testing.

Whereas "Bug Severity" is the quantum of danger as to how badly the bug can harm
the system. It describes as to how bad the bug is. Severity is a feature of constant
nature associated with the bug.

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Q. 12: What is difference between Waterfall Model and V Model?

"Waterfall Model" Is a sequential software development model (a process for the


creation of software) in which development is seen as flowing steadily downwards
(like a waterfall) through the phases of requirements analysis, design,
implementation, testing (validation), integration, and maintenance. To follow the
waterfall model, we proceed from one phase to the next in a purely sequential
manner. In traditional waterfall model, testing comes at the fag end of the
development process.

Whereas "V Model" or "Life Cycle Testing" involves carrying out verification of
consistency, completeness and correctness of software at every stage of the
development life cycle. It aims at catching the defects as early as possible and thus
reduces the cost of fixing them. It involves continuously testing the system during all
stages of the development process rather than just limiting testing to the last stage.

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Q. 13: What are Baseline Documents?

Baseline documents are the documents, which have been approved by the customer
and will not have any more changes. Baseline Documents cover all the details of the
project and have undergone "walkthrough" process. Once a document is Base-lined it
cannot be changed unless there is a change request duly approved by the customer.
Service Level Agreement (SLA) & Business Requirement Documents (BRD) are the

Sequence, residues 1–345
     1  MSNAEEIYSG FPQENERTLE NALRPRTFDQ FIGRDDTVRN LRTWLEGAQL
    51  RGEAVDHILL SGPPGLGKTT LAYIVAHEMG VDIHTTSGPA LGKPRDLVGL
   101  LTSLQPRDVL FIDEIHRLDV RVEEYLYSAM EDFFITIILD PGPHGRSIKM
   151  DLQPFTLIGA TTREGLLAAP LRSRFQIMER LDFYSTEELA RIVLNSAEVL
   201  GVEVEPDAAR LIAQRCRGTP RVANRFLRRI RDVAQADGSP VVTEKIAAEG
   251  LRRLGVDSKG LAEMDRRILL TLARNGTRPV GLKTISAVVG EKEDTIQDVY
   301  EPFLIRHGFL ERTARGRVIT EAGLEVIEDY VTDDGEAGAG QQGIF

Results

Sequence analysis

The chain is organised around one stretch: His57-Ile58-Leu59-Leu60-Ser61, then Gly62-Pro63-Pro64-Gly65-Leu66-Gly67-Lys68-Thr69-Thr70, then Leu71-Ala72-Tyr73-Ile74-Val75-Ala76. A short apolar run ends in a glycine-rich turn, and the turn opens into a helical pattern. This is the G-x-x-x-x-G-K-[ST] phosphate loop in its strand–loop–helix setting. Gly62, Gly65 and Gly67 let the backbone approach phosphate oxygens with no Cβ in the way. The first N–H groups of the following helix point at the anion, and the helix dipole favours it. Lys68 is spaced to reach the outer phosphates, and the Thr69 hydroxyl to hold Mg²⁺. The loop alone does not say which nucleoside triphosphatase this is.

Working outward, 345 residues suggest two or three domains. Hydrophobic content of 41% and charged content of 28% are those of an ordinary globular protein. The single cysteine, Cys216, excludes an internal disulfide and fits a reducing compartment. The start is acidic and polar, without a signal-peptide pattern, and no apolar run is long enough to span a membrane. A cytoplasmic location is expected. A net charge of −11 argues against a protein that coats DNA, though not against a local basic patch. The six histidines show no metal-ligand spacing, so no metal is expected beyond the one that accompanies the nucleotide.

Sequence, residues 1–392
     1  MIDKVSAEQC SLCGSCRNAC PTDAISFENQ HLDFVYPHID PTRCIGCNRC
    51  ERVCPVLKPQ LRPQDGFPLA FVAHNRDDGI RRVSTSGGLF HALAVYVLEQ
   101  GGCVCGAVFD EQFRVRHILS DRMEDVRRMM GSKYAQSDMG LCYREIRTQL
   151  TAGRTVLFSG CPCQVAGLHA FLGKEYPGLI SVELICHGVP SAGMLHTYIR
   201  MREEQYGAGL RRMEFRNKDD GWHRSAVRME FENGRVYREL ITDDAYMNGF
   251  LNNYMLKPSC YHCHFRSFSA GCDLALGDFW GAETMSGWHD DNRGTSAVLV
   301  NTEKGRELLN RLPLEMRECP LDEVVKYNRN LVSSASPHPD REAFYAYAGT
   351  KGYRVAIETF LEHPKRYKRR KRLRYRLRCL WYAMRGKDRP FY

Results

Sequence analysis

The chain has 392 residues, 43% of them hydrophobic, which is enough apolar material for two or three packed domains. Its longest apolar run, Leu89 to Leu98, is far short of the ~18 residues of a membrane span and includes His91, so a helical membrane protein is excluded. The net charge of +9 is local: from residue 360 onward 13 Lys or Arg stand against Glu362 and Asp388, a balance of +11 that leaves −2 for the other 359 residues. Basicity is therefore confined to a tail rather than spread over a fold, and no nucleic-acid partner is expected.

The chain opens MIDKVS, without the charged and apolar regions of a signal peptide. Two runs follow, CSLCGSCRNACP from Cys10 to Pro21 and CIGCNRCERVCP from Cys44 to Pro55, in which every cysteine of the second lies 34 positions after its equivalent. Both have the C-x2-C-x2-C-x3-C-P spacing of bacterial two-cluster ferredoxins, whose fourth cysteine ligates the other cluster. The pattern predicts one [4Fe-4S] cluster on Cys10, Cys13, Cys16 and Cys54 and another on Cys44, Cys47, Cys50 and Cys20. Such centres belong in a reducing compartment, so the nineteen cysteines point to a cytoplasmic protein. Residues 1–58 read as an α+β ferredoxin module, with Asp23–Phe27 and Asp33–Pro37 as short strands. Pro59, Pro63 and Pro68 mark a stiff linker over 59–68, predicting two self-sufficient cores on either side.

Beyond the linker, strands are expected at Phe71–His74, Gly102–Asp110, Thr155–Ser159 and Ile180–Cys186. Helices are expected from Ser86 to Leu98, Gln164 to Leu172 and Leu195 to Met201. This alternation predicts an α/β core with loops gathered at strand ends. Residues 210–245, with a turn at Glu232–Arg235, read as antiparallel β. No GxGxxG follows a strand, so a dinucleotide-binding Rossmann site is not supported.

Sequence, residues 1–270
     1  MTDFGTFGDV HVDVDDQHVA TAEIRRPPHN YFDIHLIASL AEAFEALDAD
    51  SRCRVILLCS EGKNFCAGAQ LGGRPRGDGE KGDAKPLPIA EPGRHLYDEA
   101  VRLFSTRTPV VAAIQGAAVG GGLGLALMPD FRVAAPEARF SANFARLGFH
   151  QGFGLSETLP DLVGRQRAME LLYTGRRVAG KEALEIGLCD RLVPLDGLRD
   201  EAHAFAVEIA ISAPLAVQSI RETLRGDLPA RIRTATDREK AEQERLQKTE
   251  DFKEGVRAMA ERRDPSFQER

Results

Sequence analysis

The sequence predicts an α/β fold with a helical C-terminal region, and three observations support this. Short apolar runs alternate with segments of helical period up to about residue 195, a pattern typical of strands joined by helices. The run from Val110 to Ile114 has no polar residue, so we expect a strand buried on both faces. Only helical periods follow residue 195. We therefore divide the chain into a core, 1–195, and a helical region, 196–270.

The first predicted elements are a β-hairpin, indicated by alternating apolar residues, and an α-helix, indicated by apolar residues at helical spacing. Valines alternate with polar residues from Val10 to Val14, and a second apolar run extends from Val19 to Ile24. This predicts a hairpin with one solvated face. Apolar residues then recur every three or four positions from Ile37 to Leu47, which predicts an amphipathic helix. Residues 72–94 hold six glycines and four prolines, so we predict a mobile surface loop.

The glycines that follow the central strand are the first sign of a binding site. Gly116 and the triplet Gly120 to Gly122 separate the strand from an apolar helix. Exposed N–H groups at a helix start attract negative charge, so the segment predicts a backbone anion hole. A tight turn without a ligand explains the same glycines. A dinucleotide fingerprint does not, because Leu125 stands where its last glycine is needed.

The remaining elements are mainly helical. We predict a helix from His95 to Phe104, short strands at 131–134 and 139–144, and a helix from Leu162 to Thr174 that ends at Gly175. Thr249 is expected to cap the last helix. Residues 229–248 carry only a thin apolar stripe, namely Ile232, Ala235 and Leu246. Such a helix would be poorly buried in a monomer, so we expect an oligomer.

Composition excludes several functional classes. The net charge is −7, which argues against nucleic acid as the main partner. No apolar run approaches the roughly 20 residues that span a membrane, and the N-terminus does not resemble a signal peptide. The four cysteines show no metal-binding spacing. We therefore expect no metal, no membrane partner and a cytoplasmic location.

examples of Baseline Documents.

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Q. 14: What is Defect Density?

"Defect Density" Is a software metric defined as: Total number of defects per LOC
(lines of code). Alternatively It can be: Total number of defects per Size of the
Project. Here the measure of "Size of the Project" can be number of Function Points,
Number of Feature Points, number of Use Cases or KLOC (Kilo Lines of Code) etc
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Q. 15: What is Negative Testing?

"Negative Testing" involves testing the application for failure like conditions. It
involves testing the tool with improper inputs. For example entering the special
characters in place of a phone number.

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Q. 16: What is Incremental Integration Testing?

"Incremental Integration Testing" Involves continuous testing of an application while


new functionality is simultaneously added. It requires that various aspects of an
application's functionality be independent enough to work separately before all parts
of the program are completed. This testing is done either by programmers or by
testers.

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Q. 17: What is the difference between Unit Testing, Component Testing and
Integration Testing?

"Unit Testing" involves testing of individual programs, modules, or components to


demonstrate that the program executes as per the specification and it validates the
design and technical quality of the application. In Unit Testing, the Called
Components (or Communicating Components) are replaced with Stubs, Simulators,
or Trusted Components. Testing Stubs or Drivers are used to simulate the behavior
of interfacing modules.

"Component Testing" is like "Unit Testing" with the difference that all Stubs and